Behind the Wheel

2020 Toyota C-HR Review: A perfectly fine automobile with a nice feature set

Toyota has given the C-HR new fascia for the 2020 model year.

Photo courtesy of Toyota Motor Sales U.S.A. Inc.

I was watching a movie the other day and it reminded me of the car I've been testing this week. The movie was "Chef", a fantastic labor of love from Jon Favreau, the big budget director of "Iron Man", "Elf", and the live-action "Lion King".

The gist is that Favreau plays a formerly rising star chef who is toiling in a successful L.A. restaurant but without the creative freedom he strives for. After quitting in an expletive filled rant to a food critic that goes viral when filmed by a customer, he decamps the fancy restaurant for the pleasures of running a food truck. Though without the security of a fancy restaurant behind him, he has the creative freedom to make simple-but-amazing Cuban sandwiches and other delicious creations.

2020 Toyota C-HR The C-HR was originally designed to be Scion model, but the brand folded and it became a Toyota instead.Photo courtesy of Toyota Motor Sales U.S.A. Inc.

The best part of the movie is all the amazing food porn, overseen by chef Roy Choi who was one of the founders of the gourmet food truck movement. What does this have to do with my test car this week?

It's the Toyota C-HR, a subcompact crossover which has two of the letters from "Chef" in it. See what I mean about how important creative freedom is? I spent the first third of this review talking about a movie that has (almost) nothing to do with the car I'm reviewing. Thanks AutomotiveMap.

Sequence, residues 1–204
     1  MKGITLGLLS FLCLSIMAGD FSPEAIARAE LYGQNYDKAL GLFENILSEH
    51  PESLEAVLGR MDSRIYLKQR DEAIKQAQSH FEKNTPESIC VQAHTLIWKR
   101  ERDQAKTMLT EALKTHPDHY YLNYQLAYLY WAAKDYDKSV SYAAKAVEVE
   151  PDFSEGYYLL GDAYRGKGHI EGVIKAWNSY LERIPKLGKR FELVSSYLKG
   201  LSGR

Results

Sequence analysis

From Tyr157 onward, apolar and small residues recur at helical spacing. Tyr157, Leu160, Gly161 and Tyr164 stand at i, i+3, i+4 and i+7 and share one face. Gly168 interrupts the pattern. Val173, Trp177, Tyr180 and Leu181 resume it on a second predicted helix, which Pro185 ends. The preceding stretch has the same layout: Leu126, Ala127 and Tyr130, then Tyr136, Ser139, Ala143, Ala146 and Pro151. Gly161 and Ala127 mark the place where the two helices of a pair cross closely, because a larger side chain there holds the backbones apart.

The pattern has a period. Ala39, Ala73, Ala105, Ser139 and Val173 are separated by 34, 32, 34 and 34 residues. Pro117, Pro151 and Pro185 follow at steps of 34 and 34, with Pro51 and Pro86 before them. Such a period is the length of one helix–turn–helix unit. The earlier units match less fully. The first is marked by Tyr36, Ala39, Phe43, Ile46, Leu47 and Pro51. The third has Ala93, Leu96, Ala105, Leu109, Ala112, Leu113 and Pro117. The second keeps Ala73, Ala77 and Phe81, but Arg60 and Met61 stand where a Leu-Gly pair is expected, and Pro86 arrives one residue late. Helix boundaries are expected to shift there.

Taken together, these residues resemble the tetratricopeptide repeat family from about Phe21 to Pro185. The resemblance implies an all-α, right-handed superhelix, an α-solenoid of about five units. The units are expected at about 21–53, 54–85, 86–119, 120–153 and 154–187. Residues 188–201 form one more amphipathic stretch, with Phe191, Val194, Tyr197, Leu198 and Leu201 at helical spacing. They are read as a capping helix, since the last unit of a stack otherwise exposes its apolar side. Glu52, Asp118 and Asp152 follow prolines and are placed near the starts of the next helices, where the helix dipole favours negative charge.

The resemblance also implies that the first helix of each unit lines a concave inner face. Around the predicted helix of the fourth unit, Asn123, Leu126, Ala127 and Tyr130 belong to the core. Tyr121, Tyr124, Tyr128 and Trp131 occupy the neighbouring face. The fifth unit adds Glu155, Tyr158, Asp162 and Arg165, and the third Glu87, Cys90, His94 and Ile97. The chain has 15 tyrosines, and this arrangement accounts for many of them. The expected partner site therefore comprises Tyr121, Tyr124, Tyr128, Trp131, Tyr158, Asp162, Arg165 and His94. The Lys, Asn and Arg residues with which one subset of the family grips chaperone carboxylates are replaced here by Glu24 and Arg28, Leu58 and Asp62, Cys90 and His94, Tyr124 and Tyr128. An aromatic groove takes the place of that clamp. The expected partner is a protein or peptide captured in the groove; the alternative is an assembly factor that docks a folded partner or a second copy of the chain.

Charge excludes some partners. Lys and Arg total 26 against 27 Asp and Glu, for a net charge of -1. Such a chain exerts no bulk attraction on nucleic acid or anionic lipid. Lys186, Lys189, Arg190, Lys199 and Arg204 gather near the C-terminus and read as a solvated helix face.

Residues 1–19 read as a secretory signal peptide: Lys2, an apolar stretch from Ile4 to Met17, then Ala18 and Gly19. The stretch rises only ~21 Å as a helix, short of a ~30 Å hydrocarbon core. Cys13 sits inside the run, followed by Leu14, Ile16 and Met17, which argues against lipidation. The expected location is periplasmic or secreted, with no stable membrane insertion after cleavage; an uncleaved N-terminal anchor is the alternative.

The C-HR slots beneath the RAV4 in the Toyota lineup, and you can think of it as a jumped-up version of the Corolla Hatchback. It's kind of interesting looking outside and in, with various nips and tucks and oddities like the weird flush-mounted door handle for the rear doors mounted high up around the roofline. Then there's these weird, unnecessary-but-kind-of-pleasing diamond cutouts in the headliner above the driver and passenger.


2020 Toyota C-HR The Toyota C-HR is currently the smallest SUV in the company's lineup.Photo courtesy of Toyota Motor Sales U.S.A. Inc.

And don't forget the wacky rear-end that appears to be an homage to a multi-level modernist apartment building in Tokyo. That's not a bad thing, it's just a little bit different. It gives the car some personality, which is something that Toyotas of the past sorely lacked so I approve of it here.

I like the interior, with ample storage for a phone and your drinks, plus a standard shift knob and a high-mounted, easy-to-see 8.0-inch touch screen surrounded by a bunch of buttons you'll never use. Automatic climate control will keep your significant other from bickering about the temperature in the car (maybe), and there's excellent visibility through the front at least.

As with (almost) all Toyotas, the feature set is straightforward. My C-HR Limited weighed in at $28,435 nearly fully loaded, including a $465 Audio Plus package that presumably makes the stereo more... plus. It also has a wide variety of useful features like Toyota's excellent safety suite including full automatic emergency braking with pedestrian detection, lane keep assist, automatic high beams, blind spot monitoring, and adaptive cruise control.

There's LED headlights and auto-folding mirrors (the latter of which has generally been a luxury car feature, so it's nice to see it moving down market), as well as more typical fare like heated seats, push-button start, and Apple CarPlay and Android Auto compatibility. It integrates with Amazon Alexa too, if you're excited about that.

There's a 2.0-liter four-cylinder engine making 27 mpg in the city and 31 mpg on the highway, paired with a continuously variable transmission (CVT) that mostly stays out of your way — lots of car reviewers complain about CVTs but I think most folks don't really care, so it's fine.